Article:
News tagged with epilepsy

Related topics: brain · seizures · children · neurons · brain cells

How metabolism and brain activity are linked

A new study by scientists at McGill University and the University of Zurich shows a direct link between metabolism in brain cells and their ability to signal information. The research may explain why the seizures of many ...

Jan 16, 2014
popularity0 comments 0

Single microRNA powers motor activity

New research from the Icahn School of Medicine at Mount Sinai shows that microRNA-128 is one of the strongest regulators of nerve cell excitability and motor activity, and that it does so by adjusting an entire neuronal signaling ...

Dec 05, 2013
popularity0 comments 0

Implantable medical device for epilepsy

(Medical Xpress)—Physicians at the University of Rochester Medical Center (URMC) Strong Epilepsy Center were involved in the recent approval of a new treatment for epilepsy. The implantable medical device – called the ...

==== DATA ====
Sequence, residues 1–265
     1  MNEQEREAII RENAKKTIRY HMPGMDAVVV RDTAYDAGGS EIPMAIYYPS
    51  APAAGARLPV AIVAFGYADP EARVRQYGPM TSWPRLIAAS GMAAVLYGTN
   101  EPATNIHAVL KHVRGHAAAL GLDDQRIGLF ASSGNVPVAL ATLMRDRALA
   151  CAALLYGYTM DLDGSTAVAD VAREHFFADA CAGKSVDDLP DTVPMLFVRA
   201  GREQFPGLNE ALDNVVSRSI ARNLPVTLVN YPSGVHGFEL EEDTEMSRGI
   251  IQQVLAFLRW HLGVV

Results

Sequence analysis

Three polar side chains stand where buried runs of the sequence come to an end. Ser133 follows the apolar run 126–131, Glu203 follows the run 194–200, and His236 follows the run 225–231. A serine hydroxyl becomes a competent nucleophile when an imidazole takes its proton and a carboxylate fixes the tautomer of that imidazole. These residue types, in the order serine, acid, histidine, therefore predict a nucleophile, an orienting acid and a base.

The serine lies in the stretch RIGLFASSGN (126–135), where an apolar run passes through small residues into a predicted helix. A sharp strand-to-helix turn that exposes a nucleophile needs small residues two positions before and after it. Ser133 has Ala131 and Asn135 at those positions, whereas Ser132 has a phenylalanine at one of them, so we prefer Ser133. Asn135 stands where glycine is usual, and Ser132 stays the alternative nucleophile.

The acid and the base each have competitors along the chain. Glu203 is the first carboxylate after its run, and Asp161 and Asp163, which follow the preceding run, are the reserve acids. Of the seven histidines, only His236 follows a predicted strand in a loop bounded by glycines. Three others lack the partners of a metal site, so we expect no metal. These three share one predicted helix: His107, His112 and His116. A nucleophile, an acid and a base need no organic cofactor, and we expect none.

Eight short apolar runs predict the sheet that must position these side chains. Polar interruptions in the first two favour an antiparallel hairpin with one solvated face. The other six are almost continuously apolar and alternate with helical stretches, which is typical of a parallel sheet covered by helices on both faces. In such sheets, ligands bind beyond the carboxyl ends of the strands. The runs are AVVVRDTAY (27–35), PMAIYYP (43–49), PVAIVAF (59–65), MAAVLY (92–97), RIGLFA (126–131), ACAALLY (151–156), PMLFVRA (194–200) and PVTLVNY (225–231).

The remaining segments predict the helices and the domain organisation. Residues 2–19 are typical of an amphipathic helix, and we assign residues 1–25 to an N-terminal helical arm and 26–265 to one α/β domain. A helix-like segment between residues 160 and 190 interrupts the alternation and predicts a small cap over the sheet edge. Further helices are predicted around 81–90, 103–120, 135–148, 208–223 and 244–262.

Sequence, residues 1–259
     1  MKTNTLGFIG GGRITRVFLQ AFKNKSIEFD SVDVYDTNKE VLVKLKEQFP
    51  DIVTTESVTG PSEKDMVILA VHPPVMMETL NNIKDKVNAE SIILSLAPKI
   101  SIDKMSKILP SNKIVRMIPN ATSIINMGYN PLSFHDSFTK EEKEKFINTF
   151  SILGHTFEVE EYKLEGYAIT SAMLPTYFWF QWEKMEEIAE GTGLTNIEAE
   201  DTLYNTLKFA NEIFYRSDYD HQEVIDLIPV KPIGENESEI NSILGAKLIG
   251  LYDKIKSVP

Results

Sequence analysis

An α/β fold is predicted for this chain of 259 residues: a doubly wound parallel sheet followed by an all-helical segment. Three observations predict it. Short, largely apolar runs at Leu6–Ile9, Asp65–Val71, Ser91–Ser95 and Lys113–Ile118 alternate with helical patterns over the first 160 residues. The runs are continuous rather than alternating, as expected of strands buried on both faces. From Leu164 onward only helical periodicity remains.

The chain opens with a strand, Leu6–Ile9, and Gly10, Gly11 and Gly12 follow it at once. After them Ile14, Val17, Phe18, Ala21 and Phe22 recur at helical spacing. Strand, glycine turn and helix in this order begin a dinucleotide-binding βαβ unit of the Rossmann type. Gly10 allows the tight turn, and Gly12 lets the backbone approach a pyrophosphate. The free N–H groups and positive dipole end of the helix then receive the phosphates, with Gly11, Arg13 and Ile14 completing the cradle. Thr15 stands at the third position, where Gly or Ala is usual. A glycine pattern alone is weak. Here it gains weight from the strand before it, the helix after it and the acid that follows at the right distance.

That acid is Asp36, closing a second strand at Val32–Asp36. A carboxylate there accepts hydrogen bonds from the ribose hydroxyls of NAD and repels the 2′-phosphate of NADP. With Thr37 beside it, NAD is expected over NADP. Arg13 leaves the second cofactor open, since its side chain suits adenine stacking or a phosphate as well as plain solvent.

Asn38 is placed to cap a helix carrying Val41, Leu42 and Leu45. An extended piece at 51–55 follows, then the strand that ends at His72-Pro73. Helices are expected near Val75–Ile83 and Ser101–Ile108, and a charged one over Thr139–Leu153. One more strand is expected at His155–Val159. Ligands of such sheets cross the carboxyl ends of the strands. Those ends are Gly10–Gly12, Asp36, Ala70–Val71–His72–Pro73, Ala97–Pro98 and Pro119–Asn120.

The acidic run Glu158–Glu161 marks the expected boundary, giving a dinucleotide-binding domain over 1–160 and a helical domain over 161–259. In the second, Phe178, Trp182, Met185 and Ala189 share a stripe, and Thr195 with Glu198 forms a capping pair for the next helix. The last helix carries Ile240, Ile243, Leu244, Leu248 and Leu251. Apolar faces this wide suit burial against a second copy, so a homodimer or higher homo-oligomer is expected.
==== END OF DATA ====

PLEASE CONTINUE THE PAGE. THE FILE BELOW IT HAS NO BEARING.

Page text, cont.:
Dec 03, 2013
popularity1 comments 0


Epilepsy (from the Greek επιληψία /epili΄psia/ ) is a common chronic neurological disorder characterized by recurrent unprovoked seizures. These seizures are transient signs and/or symptoms of abnormal, excessive or synchronous neuronal activity in the brain. About 50 million people worldwide have epilepsy, with almost 90% of these people being in developing countries. Epilepsy is more likely to occur in young children, or people over the age of 65 years, however it can occur at any time. Epilepsy is usually controlled, but not cured, with medication, although surgery may be considered in difficult cases. However, over 30% of people with epilepsy do not have seizure control even with the best available medications. Not all epilepsy syndromes are lifelong – some forms are confined to particular stages of childhood. Epilepsy should not be understood as a single disorder, but rather as a group of syndromes with vastly divergent symptoms but all involving episodic abnormal electrical activity in the brain.

This text uses material from Wikipedia, licensed under CC BY-SA

Subscribe to rss feed